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Vancomycin-Induced Neutropenia: Is it Dose- or Duration-Related? (May).
MedLine Citation:
PMID:  21521866     Owner:  NLM     Status:  Publisher    
OBJECTIVE: To systematically evaluate the literature to determine whether vancomycin-induced neutropenia is dose- or duration- related and provide clinicians with feasible treatment alternatives. DATA SOURCES: A literature search of PubMed (1949-November 2010), MEDLINE (1950-November 2010), EMBASE (1980-November 2010), and International Pharmaceutical Abstracts (1970-November 2010) was performed using the terms vancomycin, neutropenia, and leukopenia. Citations from publications were reviewed for additional references. STUDY SELECTION AND DATA EXTRACTION: Studies and case reports were included if they reported neutropenia with vancomycin administration and excluded if they did not describe vancomycin dosages and/or concentrations, or if neutropenia resolved while the patient was still receiving vancomycin. Cases with significant confounders and those in which authors provided minimal information about patients were also excluded. DATA SYNTHESIS: Seven retrospective chart reviews (ie, case series) and 33 case reports were identified. Of these, 3 retrospective reviews and 26 case reports met inclusion criteria. To our knowledge, no prospective studies have assessed this clinical complication. Data suggest that vancomycin-induced neutropenia may not be completely related to daily dosages, total cumulative dosage, or supra- therapeutic vancomycin concentrations. Furthermore, evidence suggests that neutropenia is more likely associated with therapy longer than 7 days, with the majority of episodes occurring beyond 20 days of therapy. Given these findings, a practical approach is to monitor white blood cell (WBC) count with a differential (including absolute neutrophil count) once a week in patients who are receiving vancomycin for more than 7 days. CONCLUSIONS: Vancomycin-induced neutropenia is most likely associated with prolonged vancomycin exposure. Patients receiving vancomycin for longer than 7 days should have WBC count, differential, monitored weekly. Vancomycin should be discontinued if there is a high clinical suspicion of it causing neutropenia, and an alternative agent should be initiated. Prospective case-controlled studies are needed to better characterize this adverse event.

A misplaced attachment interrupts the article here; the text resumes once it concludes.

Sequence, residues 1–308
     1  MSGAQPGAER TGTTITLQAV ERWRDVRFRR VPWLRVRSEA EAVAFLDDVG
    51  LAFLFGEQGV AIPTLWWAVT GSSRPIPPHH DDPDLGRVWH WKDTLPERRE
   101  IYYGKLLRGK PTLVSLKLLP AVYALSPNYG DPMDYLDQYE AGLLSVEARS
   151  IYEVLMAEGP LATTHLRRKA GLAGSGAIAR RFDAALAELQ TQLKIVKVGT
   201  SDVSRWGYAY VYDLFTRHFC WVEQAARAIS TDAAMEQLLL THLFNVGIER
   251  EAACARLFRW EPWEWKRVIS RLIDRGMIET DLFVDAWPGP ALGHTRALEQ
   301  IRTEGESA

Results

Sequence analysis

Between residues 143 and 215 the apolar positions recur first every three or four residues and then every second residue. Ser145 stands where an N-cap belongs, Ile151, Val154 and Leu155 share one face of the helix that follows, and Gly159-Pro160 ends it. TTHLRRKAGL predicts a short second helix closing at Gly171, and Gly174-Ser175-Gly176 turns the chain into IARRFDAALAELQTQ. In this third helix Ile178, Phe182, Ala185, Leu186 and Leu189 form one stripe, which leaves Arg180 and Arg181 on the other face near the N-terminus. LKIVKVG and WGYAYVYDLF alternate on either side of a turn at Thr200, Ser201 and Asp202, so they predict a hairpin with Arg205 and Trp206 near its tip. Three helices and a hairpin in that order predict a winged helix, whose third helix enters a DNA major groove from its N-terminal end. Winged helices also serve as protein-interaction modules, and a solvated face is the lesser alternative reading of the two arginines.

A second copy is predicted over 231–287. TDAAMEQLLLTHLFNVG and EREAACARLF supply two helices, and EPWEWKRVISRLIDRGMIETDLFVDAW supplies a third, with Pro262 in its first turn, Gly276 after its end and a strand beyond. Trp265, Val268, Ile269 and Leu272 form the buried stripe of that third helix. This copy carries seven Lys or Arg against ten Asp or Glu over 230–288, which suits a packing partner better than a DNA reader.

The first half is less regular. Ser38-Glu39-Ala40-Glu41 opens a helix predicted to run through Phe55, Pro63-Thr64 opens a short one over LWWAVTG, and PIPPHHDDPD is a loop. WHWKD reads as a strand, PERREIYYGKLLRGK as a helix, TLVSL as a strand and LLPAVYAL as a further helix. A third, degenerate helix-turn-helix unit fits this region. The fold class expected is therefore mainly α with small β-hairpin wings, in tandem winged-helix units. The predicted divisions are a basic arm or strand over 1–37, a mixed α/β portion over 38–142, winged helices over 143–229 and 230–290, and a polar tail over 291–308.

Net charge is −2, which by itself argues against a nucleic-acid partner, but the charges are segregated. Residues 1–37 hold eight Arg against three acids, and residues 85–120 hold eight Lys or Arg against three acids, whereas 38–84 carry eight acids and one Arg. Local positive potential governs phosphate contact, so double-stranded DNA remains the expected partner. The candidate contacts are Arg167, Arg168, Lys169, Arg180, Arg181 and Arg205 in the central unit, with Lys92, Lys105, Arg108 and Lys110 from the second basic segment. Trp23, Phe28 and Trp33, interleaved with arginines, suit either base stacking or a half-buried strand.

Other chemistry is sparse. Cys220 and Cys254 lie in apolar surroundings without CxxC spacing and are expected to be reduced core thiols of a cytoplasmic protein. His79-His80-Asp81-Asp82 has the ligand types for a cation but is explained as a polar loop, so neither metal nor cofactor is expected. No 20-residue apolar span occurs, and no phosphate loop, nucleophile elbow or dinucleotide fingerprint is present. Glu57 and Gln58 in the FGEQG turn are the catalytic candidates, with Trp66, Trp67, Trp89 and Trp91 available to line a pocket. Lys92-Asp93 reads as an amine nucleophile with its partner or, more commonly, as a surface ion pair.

Emily Black; Tim Ty Lau; Mary Hh Ensom
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Publication Detail:
Type:  JOURNAL ARTICLE     Date:  2011-4-26
Journal Detail:
Title:  The Annals of pharmacotherapy     Volume:  -     ISSN:  1542-6270     ISO Abbreviation:  -     Publication Date:  2011 Apr 
Date Detail:
Created Date:  2011-4-27     Completed Date:  -     Revised Date:  -    
Medline Journal Info:
Nlm Unique ID:  9203131     Medline TA:  Ann Pharmacother     Country:  -    
Other Details:
Languages:  ENG     Pagination:  -     Citation Subset:  -    
Faculty of Pharmaceutical Sciences, The University of British Columbia, Vancouver, British Columbia, Canada.
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From MEDLINE®/PubMed®, a database of the U.S. National Library of Medicine

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